PROPORTIONALITY. When determining the appropriate level of force, officers shall, when feasible, balance the severity of the offense committed and the level of resistance based on the totality of the circumstances known to or perceived by the officer at the time. It is particularly important that officers apply proportionality and critical decision making when encountering a subject who is armed with a weapon other than a firearm.

We have the following observations to make:

  • De-escalation techniques cannot work if there is no language capacity. In this situation and several others, including those of Thai-speaking chocolate factory worker Pralith Pralourng and unhoused Mayan resident Luis Gongora Pat, officers unsuccessfully engaged with individuals in behavioral health crises by shouting commands in a language the individuals did not speak. Both of these incidents resulted in the deaths of those experiencing crisis. 
  • The de-escalation techniques utilized by officers could be radically improved. The officer involved in de-escalation was not using proper voice intonation and instead was shouting, repeatedly trying an assertive technique largely based on issuing orders. There did not appear to be a team looking into who these individuals were or seeing if there was anyone who knew them and could help to establish rapport. Instead, you could hear an officer saying he recently arrested one of the men but could not remember his name. There was no variety in technique—for example changing the officer involved, changing the tenor of voice, asking questions or offering items of assistance, providing helpful choices or refraining from threats. In sum, there were insufficient attempts to reduce the level of intensity. 
  • One officer tried to build rapport, but he was surrounded by 17 other officers and a lot of talking and noise. The communication from officers was confusing, with multiple officers yelling. This has the opposite of the desired effect and increases the level of intensity.  
  • The use of a firearm put the victim at risk because of the close proximity of the two individuals. Multiple officers shooting at once also increased the likelihood of a fatality.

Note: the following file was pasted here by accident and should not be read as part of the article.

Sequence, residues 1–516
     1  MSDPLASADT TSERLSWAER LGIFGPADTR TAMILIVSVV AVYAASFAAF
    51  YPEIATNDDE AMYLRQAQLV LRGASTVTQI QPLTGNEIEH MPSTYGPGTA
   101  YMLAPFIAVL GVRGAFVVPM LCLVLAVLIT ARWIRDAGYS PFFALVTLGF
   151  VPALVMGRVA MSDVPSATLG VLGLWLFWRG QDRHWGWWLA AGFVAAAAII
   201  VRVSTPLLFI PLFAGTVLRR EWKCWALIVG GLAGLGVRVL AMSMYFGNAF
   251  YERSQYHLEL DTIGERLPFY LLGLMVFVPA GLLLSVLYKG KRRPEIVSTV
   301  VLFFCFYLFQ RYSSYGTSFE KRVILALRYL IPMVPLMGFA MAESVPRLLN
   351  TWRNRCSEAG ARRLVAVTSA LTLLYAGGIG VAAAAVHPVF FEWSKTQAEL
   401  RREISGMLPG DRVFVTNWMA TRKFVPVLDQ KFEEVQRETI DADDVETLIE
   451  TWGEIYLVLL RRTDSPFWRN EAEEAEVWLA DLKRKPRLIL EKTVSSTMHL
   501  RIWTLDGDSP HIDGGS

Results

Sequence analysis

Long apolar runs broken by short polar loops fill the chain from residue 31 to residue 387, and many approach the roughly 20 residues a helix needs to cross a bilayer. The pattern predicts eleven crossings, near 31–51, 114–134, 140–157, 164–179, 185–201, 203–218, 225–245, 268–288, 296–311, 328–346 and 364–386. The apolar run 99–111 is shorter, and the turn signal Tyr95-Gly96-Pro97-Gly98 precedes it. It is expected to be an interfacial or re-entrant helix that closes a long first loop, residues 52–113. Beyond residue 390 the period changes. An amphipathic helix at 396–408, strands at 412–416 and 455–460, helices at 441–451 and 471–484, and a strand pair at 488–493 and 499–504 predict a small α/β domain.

Is there another way?

The Compassionate Alternative Response Team, funded last year by Mayor London Breed, provides an alternative response—but the team would not have been sent on this call, because of the presence of knives. However, there is a possibility that CART could have prevented this by engaging in de-escalation earlier in the day, before the situation reached crisis. Unhoused individuals who are worried about a conflict will be able to call CART for assistance, once it is implemented. CART members would be highly trained in mediation techniques.

The reliance on weapons in these situations should be changed. Shields or other objects could have been used to create a barrier between the two men, for example.  

While there is no predicting definitively, there are a variety of techniques that officers could have used to improve the de-escalation outcome, such as asking questions, changing the tenor of their voice, and seeking additional information to assist with negotiations. There also did not need to be such a large show of force, which can escalate situations. Officers not actively negotiating should have been out of line of vision.

The deaths of two valuable members of our community is a tragedy that could have been avoided with timely interventions at so many different points in this process. From the city’s chronic lack of affordable housing down to the very moment when shots were fired, preventable failures were allowed. We mourn these terrible losses and demand that the city of San Francisco do better.